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Kowhai Gold

[Mona Tracy]

At dusk in Akaroa town
When embered sunset smoulders down
And softly wreathes the evening mist
In whorls of tender amethyst,
The air is charmed with old-world spell
Of chanting bird and chiming bell;
And garden plots are redolent
Of poignant, unforgotten scent,
Where gillyflower and fleur de lys
Bloom underneath the cabbage tree,
And crimson rata strives to choke
With amorous arms the hoary oak,
And jonquil mocks the kowhai's gold—
Ah, sweet it is … so young, so old!
page 65 So young, so old! So old, so new!
I wonder, at the fall of dew,
When from the evening's grey cocoon
Comes glimmering forth the moth-like moon,
And winds, upon the brooding trees
Strum soft, nocturnal symphonies,
If kindly ghosts move up and down
In tranquil Akaroa town;
If voyageurs from storied France
Walk still the streets of old romance,
If laughing lads and girls come yet
To dance a happy minuet,
If grandpere muses still upon
The fortunes of Napoleon,
And grandmere, by the walnut tree,
Sits dreaming with her rosary?

And when, across the arch of night
The moon wings forth in radiant flight,
Do ghostly whalers sail the bay
And ghostly crews make holiday,
With ribald mirth, to drink or sup,
Or set a phantom try-pot up?
Do shades of natives ever come
To barter pigs for nails and rum,
And dusky nymphs disport them still
About the bows of Gauge or Nil?
If so, 'tis sure they fade away
When rose and silver comes the day,
For never a phantom steals there down
To sunlit Akaroa town;
Yet chanting bird and chiming bell
Weave yet the charm, the old-world spell,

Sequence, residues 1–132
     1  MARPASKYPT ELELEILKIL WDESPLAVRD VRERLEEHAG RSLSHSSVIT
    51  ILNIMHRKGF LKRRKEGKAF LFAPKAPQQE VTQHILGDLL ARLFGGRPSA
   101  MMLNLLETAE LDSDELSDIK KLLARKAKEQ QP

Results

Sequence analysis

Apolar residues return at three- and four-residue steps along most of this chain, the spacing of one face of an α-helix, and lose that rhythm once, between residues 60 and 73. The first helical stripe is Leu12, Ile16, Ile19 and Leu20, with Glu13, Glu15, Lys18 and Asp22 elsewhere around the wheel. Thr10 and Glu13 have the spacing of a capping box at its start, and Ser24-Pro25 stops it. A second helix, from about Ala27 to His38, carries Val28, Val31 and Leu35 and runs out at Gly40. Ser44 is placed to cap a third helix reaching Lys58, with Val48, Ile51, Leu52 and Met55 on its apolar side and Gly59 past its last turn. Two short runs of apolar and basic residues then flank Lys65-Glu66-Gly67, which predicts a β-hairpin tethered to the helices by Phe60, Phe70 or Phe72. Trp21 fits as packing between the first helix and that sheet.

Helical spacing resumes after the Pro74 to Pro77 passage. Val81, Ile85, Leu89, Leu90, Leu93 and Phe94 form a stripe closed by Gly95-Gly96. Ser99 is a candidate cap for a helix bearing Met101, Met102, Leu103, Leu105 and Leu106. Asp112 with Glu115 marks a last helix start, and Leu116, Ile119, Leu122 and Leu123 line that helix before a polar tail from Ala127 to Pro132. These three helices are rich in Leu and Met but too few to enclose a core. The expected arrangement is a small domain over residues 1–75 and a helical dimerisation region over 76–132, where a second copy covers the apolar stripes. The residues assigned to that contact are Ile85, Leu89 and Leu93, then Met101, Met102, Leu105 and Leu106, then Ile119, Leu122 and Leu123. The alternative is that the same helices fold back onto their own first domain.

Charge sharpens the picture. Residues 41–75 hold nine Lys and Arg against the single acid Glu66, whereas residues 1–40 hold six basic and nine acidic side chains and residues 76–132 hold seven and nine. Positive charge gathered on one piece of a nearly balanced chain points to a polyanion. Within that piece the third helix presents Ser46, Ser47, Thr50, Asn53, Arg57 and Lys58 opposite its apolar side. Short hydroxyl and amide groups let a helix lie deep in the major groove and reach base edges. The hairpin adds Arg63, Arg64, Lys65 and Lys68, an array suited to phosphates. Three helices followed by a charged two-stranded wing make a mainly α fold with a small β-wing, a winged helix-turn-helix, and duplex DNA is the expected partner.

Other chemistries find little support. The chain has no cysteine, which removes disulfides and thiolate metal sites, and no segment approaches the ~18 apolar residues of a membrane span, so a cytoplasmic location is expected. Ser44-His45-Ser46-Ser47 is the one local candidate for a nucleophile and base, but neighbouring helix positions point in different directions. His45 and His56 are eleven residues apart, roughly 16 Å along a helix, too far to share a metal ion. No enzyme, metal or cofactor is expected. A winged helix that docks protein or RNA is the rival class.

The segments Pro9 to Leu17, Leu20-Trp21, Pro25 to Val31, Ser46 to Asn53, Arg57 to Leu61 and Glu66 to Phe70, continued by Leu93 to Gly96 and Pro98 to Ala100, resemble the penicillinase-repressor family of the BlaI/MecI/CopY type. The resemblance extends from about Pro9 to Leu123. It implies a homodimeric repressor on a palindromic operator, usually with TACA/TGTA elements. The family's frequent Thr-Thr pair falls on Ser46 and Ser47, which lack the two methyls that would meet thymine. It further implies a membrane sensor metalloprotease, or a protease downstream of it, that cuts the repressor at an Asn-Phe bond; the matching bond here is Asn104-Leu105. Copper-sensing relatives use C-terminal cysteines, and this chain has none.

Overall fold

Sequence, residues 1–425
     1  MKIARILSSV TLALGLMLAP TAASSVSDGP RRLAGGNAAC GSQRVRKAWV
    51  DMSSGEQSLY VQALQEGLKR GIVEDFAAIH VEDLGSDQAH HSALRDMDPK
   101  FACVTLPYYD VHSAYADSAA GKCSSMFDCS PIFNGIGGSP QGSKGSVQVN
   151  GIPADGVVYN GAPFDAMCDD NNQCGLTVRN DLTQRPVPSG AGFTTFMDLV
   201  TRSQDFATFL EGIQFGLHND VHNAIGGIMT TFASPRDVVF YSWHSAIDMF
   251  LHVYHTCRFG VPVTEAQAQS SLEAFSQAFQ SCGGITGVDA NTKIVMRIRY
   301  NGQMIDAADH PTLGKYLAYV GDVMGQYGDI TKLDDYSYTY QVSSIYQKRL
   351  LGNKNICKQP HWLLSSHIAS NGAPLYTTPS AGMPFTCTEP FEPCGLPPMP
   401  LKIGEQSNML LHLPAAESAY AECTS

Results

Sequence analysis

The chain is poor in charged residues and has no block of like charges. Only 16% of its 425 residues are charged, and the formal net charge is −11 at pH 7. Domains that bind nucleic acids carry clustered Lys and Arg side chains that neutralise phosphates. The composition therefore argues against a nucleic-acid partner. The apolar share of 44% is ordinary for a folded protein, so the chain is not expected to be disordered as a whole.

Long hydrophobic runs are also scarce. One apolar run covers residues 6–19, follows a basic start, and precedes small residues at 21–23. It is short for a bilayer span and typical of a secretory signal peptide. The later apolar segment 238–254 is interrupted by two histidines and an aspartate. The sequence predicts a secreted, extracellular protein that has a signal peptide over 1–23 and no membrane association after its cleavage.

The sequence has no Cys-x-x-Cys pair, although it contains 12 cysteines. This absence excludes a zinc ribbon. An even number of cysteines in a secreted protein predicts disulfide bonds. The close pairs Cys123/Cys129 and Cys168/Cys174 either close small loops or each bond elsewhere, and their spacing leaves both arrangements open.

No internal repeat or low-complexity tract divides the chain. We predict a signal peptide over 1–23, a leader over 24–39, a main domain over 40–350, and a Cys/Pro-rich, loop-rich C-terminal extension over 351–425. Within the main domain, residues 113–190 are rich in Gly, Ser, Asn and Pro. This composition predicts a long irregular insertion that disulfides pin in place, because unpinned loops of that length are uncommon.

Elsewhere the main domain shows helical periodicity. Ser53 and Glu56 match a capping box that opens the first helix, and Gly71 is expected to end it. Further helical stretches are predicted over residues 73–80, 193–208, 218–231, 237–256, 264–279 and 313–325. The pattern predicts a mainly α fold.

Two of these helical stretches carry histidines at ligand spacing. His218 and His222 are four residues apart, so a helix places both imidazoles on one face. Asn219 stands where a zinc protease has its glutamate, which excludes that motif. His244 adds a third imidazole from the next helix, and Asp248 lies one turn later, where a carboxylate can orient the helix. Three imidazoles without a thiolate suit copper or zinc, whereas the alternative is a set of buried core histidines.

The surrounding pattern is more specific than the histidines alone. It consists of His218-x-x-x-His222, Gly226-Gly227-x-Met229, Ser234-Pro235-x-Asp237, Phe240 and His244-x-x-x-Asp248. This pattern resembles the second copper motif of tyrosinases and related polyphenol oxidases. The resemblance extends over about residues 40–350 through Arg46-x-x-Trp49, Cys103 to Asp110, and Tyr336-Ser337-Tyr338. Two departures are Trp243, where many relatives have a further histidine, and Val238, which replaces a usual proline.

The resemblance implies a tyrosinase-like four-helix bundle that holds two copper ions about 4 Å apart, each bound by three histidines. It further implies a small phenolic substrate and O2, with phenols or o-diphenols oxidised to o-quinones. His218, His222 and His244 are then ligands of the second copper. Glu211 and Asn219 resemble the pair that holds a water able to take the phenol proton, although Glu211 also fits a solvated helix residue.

page 66 And still in gardens there are set
The gillyflower, the mignonette,
The rata, on the oak-tree hung—
Ah, sweet it is … so old, so young!
The jonquil, mocking kowhai's gold—
So blithe, so new!  So triste, so old!

The Coal-Hulks
Flow in, O tide, O tide of wistful eve!
(The thin blue dusk across the sungold steals)
Grieve, grieve,
O little wind, and softly sigh
Along the line of sea and sky
To where the blackened coal-hulks lie
With rotting beams and rusted keels.

Along the line of sea and sky,
In silhouette, inanimate,
The melancholy coal-hulks lie,
Most dolorous and desolate.

Adventurers of a valiant age,
Whose shining sails swept eager seas,
They have a last sad anchorage
Beyond the clamorous harbour quays.

Throughout the days their winches groan,
The derricks work with creak and scream;
But in the kindly dusk, alone,
They ride a rosy flood of dream.

page 67

Their prows of vision halcyon,
Their timbers thrilled to memory
Of proudly setting out upon
Old voyages of dignity.

Old journeys whose remembered quest
Wakes yet again the old-time fire
To glimpse known beacons, east and west,
And sail the seas of their desire.

And each, a quickened argosy
For whom some Eldorado gleams,
Would sight again some radiant sea,
The ultimate ocean of its dreams.

And in the dusk they feel again,
In mournful majesty of pride,
About their shrouds the deep-sea rain,
Beneath their keels the ocean tide.

Old ships, old dreams.  The sea winds sigh,
The young ships come, the young ships go;
The sombre hulks at anchor lie
Through ceaseless tides that ebb and flow.

Flow out, O tide, O darkling tide of night!
Lap them about with kisses as you go
Slow, slow;
O pitying stars, rain tears of tender light.
And peaceful moon, in benediction glow,
And gently flow, O tide compassionate,
Along the line of sea and sky,
Where, dolorous and desolate,
The melancholy coal-hulks lie.